Industrialization emphasized the role of technology. Many jobs were automated. Machines replaced some workers while other workers became more specialized. Labour specialization became critical to economic success. However, physical capital, as it came to be known, consisting of both the natural capital (raw materials from nature) and the infrastructural capital (facilitating technology), became the focus of the analysis of wealth. Adam Smith saw wealth creation as the combination of materials, labour, land, and technology in such a way as to capture a profit (excess above the cost of production). The theories built on these views of wealth that we now call classical economics and Marxian economics . Marx distinguishes between material wealth and human wealth, defining human wealth as “wealth in human relations”; land and labour were the source of all material wealth.
Other concepts of wealth
The concept of Man as an aggregate did not exist before the 18th century. The shift from the analysis of an individual’s wealth to the concept of an aggregation of all men is implied in the concepts of political economy and then economics. Wealth was seen as an objective fact of living as a human being in a society.
Not a zero-sum game
Regardless of whether one defines wealth as the sum total of all currency, or a broader measure which includes money, securities, and property, the supply of wealth, while limited, is not fixed. Thus, there is room for people to gain wealth without taking from others, and wealth is not a zero-sum game in the long term. Many things can affect the creation and destruction of wealth including size of the work force, production efficiency, available resource endowments, inventions, innovations, and availability of capital.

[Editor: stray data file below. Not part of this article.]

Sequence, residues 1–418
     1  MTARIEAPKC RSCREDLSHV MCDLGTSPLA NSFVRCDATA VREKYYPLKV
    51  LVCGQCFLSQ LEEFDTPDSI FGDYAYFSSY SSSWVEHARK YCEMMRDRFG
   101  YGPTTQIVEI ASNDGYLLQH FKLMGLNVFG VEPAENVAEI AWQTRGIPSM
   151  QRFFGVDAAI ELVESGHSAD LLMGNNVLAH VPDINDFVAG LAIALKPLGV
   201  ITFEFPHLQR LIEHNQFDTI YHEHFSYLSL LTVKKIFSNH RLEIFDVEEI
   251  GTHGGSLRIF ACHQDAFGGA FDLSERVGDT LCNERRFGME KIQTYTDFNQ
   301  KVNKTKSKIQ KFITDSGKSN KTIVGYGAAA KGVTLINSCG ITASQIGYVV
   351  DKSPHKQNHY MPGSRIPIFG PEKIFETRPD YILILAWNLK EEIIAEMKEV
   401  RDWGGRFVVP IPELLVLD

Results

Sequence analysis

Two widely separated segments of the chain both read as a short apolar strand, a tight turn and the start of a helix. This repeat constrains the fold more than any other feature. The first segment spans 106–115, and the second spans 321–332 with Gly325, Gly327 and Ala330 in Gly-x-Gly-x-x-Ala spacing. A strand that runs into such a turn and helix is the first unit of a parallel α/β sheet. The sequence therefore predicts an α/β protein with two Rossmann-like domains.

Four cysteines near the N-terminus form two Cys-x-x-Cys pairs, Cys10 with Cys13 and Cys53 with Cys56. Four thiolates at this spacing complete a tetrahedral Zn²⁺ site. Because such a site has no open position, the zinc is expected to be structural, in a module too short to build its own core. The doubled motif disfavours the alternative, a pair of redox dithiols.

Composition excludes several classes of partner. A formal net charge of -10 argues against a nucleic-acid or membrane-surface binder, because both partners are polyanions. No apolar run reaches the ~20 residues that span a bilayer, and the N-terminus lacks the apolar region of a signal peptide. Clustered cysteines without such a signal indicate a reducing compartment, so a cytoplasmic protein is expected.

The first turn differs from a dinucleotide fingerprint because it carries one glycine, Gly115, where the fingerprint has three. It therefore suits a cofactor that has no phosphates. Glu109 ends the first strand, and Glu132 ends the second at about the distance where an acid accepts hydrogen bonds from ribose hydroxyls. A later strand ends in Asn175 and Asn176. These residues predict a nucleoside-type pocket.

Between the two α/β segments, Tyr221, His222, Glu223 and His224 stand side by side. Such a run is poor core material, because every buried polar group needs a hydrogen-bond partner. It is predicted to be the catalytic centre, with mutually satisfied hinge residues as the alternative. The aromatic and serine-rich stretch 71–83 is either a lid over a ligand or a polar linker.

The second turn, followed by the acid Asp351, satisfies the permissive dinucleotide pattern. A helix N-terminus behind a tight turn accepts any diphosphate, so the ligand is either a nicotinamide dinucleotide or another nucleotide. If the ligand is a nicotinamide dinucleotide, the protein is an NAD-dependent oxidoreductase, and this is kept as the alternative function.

However, at any given point in time, there is a limited amount of wealth which exists. That is to say, it is fixed in the short term. People who study short term issues see wealth as a zero sum game and concentrate on the distribution of wealth, whereas people who study long term issues see wealth as a non-zero sum game and concentrate on wealth creation. Other people put equal emphasis on both the creation and the distribution of wealth. It has been theorized, that society becomes increasingly non-zero-sum as it becomes more complex, specialized, and interdependent.
Wealth as time
Wealth is nothing more than a measurement of time. It is how long you can continue to live your lifestyle without any adjustments when you cease working. For instance if you have a burn rate of $2,000 a month in bills and expenses and $4,000 in the bank and you have no other forms of income, then you have a wealth measurement of 2 months. If however you are simply able to increase other forms of income, those which are not the result of trading time for money, to a point where they exceed your monthly burn rate, then you will effectively reach infinite wealth.
Sustainable wealth as a measure of well-being
Sustainable wealth is defined as meeting the individual’s personal, social and environmental needs without compromising the ability of future generations to meet their own needs. This definition of sustainable wealth comes from the marriage of sustainability and wealth defined as a measure of well-being.
Wealth redefined individualistically
Carrying the “wealth rule” concept , wealth could then be defined as the resources necessary to sustain a person’s specific “Standard of Individual Living” (SOIL). It could be argued that if a person has resources more than necessary to sustain them in life they would be called rich. A person can determine their “Standard of Individual Living” by looking at what they spend today.
Wealth in Buddhism
According to the Buddha, giving leads to being reborn in happy states and material wealth. Alternatively, lack of giving leads to unhappy states and poverty. The exquisite paradox in Buddhism is that the more we give – and the more we give without seeking something in return – the more wealthy we will become .
The creation of wealth
Wealth is created through several means.
* Natural resources can be harvested and sold to those who want them.
* Material can be changed into something more valuable through proper application of knowledge, skill, labor and equipment.